The SATA-based SSD market is so saturated with good drives that it's nearly impossible for a mediocre offering to earn a recommendation. When the product's price is as high as Kingston's HyperX Savage (240GB for $150), it had better be impeccable or risk falling below Samsung's 850 Pro (256GB for $162), SanDisk Extreme Pro (240GB for $160) or Samsung 850 EVO (250GB for $130). Before we get into that, let's look at what Kingston does right with its HyperX Savage.
There is no denying that Kingston is diluting the stature of the HyperX brand. Once an indicator of the computer industry's best components, Newegg now shows over 500 hits in a search for 'HyperX'. The HyperX Fury really sealed the deal for me; Kingston's enthusiast moniker went from premium to sub-par in one blister pack. The HyperX Savage gives us a rebirth of the extravagant retail box and accessory package. Opening it up, the quality is apparent, you see everything needed to install the drive and you know that this is a special product.
The Savage delivers class-leading sequential read and write performance. In both categories, this is the fastest SATA-attached device on the market. Of course, most of us move large files on a fairly regular basis, but those sequential transfers typically go to secondary drives; I'm not sure that many enthusiasts are purchasing new premium-priced SSDs for this task.
At its weakest point, the HyperX Savage 240GB is unacceptable. Mixed random performance using 80% reads at 20,000 IOPS is the worst we've seen from a modern SSD. Most of us will never get beyond a queue depth of eight, but at QD4 the damage is already done. Sequential mixed workload performance isn't much better. Again, the Savage 240GB is at the bottom of our charts, lower than SSDs costing significantly less. One-hundred percent random reads and writes are not as bad, but we don't just read or write data with a boot drive. If adding just a little mix degrades performance this much, then you might as well purchase a value-priced drive and save some money.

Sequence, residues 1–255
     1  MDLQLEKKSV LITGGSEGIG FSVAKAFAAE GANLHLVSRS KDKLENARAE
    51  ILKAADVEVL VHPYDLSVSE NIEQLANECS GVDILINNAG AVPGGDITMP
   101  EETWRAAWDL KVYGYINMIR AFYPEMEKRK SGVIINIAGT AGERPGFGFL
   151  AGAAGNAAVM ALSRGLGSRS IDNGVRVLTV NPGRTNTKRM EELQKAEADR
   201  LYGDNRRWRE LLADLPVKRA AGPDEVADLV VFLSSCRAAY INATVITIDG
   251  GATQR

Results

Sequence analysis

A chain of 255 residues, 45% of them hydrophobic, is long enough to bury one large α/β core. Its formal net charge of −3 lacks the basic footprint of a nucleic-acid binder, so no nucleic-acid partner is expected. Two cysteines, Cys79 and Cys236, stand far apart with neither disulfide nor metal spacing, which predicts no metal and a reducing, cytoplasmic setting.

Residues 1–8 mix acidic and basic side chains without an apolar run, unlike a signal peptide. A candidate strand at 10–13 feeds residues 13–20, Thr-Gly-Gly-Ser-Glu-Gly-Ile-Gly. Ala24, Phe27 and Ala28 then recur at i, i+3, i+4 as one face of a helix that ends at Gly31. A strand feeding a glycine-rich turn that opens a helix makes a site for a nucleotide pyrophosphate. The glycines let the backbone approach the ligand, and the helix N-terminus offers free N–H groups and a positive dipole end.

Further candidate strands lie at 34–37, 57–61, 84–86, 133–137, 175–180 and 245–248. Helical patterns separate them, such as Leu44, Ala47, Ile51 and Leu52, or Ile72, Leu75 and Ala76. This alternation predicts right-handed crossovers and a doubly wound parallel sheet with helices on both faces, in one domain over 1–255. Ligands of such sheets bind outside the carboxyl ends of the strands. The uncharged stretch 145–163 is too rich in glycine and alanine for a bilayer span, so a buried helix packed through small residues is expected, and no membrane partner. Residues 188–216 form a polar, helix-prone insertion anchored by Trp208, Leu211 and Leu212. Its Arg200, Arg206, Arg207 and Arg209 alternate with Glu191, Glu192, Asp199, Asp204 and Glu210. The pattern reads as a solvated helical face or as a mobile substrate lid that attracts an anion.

We're frankly surprised that Kingston, Patriot and Corsair have already released products with the Phison S10 controller. We've heard it's an expensive processor. Maybe those companies managed to secure a lower price until Phison readies its performance-enhancing firmware. After all, the trio lacks firmware engineers of their own. Aside from Samsung, all of the top-performing SSDs use Marvell controllers. Marvell doesn't provide retail-ready firmware to its partners; you need a team to put the pieces together. Kingston just released the HyperX Predator PCIe-based SSD with Marvell logic, but its Savage doesn't employ a Marvell processor. We can assume that Kingston either put together a firmware team or paid a high price to release the 88SS9293 controller first and got firmware with it.
Kingston, Patriot and Corsair know a higher-performance firmware is on the way, but chose to launch S10-based products before the magic sauce was ready anyway. We have a good idea why: all three companies had most of their eggs in the SandForce basket. Now they've jumped over to Phison. The HyperX family was always built around SandForce (even the HyperX Predator was shown with SF3700 at CES). Might that ship have sunk?
It's a good guess, though that fails to address the fact that today's S10-based drives are not worth their high prices. When Phison releases its impending firmware update, my opinion may change. But for now, if you want to buy a premium SSD, there are better options available. Should Phison's new software fail to satisfy the hype, these products only become attractive at mainstream SSD prices.